US Secretary of State Antony Blinken called on US allies Monday to take responsibility for their citizens suspected of joining the Islamic State and who remain in the custody of Kurdish forces in northeast Syria.
“This situation is simply untenable. It just can’t persist indefinitely,” Blinken said in Rome during his opening remarks at a ministerial meeting of the Global Coalition to Defeat ISIS.
“The United States continues to urge countries — including coalition partners — to repatriate, rehabilitate and, where applicable, prosecute its citizens,” he said.
The Kurdish-led Syrian Democratic Forces are holding some 10,000 suspected militants in informal detention centers. About 2,000 of them are foreigners, the US government estimates. The United States has repatriated 28 of its citizens from northeast Syria and is prosecuting many of them on terror-related charges.
But other countries are reluctant to deal with their citizens, even as the US-backed SDF warns that it lacks the resources to put them on trial or continue holding them.
Why it matters: More than two years after the collapse of IS’ self-declared caliphate, some 43,000 men, women and children with perceived ties to the terrorist group languish in detention and displacement centers scattered across northeast Syria, Human Rights Watch estimates.
Blinken highlighted the efforts of Kazakhstan, Finland and a number of Balkan and Central Asian countries that have successfully prosecuted or rehabilitated their citizens accused of supporting IS in Syria and Iraq. The secretary also described Italy as one of the few Western European countries willing to bring home its nationals.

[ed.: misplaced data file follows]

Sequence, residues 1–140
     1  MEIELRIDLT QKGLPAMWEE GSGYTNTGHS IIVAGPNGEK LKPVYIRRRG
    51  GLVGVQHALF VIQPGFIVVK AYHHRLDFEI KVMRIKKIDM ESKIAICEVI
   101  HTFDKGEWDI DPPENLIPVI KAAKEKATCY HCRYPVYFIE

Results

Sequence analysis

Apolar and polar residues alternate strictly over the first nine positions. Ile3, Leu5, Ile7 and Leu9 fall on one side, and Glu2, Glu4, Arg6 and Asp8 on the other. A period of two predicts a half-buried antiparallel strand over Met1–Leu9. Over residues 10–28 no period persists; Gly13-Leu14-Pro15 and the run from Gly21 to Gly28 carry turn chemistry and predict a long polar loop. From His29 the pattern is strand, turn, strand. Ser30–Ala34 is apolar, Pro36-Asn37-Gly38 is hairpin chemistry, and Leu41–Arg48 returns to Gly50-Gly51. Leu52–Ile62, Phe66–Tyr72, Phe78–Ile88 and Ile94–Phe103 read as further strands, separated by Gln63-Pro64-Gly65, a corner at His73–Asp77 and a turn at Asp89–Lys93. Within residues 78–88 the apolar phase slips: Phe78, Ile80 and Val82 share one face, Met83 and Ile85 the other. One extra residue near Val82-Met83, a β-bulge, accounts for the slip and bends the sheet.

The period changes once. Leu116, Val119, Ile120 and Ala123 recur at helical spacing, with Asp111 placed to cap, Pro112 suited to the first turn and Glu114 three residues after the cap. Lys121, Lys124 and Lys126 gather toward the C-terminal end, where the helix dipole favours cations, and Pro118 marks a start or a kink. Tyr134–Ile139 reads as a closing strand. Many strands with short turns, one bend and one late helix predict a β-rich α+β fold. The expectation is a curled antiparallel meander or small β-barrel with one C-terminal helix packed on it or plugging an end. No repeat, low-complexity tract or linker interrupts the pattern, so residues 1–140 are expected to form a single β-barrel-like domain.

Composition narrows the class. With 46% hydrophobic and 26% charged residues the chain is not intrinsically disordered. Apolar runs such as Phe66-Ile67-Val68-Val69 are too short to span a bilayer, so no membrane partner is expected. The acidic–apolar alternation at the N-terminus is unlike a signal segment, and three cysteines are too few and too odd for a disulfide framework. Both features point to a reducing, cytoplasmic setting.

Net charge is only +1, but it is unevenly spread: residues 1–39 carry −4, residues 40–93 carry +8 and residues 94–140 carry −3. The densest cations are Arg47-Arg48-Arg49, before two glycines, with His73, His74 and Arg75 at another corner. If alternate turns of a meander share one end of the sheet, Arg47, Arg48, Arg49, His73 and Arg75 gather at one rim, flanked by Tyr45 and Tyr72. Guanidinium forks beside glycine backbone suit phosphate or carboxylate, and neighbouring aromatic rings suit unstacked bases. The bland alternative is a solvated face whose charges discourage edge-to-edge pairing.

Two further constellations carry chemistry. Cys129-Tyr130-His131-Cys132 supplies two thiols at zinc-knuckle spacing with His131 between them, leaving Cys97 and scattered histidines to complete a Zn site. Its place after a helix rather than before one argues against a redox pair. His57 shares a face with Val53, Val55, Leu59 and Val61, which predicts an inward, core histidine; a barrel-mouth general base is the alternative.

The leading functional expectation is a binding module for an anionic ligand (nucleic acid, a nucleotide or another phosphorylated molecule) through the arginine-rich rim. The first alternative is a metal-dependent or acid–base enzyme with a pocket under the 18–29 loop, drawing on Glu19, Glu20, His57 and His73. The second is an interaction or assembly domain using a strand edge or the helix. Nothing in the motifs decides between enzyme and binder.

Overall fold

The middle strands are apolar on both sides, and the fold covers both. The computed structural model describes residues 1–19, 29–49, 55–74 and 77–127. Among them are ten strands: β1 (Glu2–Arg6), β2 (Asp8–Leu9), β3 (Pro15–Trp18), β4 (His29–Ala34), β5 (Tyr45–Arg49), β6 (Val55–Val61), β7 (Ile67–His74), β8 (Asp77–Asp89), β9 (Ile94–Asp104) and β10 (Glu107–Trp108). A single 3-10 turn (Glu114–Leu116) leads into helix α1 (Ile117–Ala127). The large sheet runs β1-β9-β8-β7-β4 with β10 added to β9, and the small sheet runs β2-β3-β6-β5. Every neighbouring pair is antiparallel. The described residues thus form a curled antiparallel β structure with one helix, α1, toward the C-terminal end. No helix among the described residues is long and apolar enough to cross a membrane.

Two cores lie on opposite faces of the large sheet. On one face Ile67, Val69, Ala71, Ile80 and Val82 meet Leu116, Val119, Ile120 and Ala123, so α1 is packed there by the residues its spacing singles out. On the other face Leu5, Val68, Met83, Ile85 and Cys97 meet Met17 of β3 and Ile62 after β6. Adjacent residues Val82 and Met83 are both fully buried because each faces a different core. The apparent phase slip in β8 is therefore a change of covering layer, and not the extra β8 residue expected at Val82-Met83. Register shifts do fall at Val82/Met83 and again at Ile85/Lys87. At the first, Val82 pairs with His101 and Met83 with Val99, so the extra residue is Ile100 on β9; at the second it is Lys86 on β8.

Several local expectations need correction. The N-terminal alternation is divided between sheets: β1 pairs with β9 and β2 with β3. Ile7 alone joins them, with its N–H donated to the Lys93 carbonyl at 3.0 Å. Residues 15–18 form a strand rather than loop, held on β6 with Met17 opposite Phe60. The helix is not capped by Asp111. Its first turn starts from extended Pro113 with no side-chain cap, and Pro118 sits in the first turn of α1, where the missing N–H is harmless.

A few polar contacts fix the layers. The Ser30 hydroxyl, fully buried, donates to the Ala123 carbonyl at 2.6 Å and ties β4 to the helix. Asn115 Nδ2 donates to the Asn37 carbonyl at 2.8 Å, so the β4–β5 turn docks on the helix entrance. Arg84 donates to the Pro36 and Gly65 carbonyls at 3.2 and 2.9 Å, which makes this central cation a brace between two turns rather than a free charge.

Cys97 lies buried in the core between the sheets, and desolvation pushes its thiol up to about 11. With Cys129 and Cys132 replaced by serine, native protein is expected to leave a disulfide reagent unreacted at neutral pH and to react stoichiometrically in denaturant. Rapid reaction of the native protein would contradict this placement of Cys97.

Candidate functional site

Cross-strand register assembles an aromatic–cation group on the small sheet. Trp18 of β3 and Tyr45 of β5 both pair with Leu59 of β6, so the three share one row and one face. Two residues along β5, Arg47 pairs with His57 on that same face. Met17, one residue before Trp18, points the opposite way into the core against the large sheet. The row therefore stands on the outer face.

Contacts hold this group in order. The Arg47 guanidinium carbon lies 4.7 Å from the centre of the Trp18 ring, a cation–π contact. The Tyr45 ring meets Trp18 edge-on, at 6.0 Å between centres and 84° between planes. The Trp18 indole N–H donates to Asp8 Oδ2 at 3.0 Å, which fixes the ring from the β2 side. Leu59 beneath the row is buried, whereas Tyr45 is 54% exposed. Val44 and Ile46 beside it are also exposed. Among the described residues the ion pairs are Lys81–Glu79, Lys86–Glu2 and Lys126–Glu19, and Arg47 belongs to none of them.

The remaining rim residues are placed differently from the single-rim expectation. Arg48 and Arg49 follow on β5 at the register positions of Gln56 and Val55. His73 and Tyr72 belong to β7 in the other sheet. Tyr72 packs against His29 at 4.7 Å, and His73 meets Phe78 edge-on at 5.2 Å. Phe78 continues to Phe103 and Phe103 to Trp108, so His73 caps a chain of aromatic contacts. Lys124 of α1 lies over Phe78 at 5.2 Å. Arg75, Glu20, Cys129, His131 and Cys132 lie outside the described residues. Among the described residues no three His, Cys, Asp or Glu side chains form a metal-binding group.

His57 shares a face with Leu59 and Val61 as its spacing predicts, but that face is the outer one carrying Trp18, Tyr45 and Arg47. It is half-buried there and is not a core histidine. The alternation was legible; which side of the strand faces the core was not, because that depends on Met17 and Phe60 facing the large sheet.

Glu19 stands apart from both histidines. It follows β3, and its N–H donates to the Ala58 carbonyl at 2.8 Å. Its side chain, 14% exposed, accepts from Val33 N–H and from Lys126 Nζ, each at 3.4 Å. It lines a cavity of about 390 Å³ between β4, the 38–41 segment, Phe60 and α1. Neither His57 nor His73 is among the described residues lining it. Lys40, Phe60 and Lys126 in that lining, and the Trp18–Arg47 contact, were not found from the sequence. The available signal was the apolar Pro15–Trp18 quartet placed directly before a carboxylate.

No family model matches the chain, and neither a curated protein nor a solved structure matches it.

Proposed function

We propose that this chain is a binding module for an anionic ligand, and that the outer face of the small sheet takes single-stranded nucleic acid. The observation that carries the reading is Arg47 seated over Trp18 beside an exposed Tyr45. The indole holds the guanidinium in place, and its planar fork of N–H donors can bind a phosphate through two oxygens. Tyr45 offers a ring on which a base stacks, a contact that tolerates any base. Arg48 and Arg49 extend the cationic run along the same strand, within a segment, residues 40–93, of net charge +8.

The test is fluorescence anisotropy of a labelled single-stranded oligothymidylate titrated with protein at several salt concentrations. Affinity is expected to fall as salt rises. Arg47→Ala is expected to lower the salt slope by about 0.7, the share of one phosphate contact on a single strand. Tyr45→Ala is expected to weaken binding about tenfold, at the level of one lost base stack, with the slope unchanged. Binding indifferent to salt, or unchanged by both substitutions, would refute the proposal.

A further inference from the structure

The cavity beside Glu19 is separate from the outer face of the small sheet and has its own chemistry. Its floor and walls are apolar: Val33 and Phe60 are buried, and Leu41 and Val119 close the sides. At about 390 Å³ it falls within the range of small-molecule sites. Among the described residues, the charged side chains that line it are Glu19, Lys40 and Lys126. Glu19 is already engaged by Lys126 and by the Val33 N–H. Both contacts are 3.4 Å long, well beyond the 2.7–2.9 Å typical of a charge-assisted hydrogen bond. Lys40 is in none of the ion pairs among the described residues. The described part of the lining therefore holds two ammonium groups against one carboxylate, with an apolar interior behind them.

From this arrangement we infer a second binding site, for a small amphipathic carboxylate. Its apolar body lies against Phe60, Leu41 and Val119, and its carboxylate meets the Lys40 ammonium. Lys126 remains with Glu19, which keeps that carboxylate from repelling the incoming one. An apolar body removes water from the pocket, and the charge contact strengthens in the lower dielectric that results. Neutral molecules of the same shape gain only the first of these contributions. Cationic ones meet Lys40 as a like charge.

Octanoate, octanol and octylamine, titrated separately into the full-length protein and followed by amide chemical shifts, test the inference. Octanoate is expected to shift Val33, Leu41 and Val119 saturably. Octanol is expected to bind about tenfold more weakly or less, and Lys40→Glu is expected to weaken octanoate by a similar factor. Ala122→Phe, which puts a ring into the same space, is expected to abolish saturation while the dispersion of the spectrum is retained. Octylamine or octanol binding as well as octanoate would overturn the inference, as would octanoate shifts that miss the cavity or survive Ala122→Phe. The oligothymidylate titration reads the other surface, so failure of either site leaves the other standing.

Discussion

Coalition members France and the United Kingdom, which suffered a number of IS-inspired terrorist attacks on their soil, have been particularly slow to reclaim their nationals and in some cases have revoked the citizenship of accused IS supporters. Some foreign governments cite concerns the IS suspects could evade justice in European courts due to a lack of battlefield evidence against them.
What’s next: Violence is rife in the Syrian detention sites, which experts warn could serve as a breeding ground for a new generation of terrorists and stateless children. Gen. Kenneth “Frank” McKenzie, commander of US Central Command, said in April that children are especially vulnerable to radicalization. The failure to reintegrate them, he said, risks “giving ourselves the gift of fighters five to seven years down the road.”
Health services are poor in the camps, and hundreds of children are believed to have died from malnutrition, pneumonia and other conditions in Hasakah province’s sprawling al-Hol facility. Aid organizations continue to sound the alarm over the potential for the coronavirus to worsen the already dire humanitarian situation.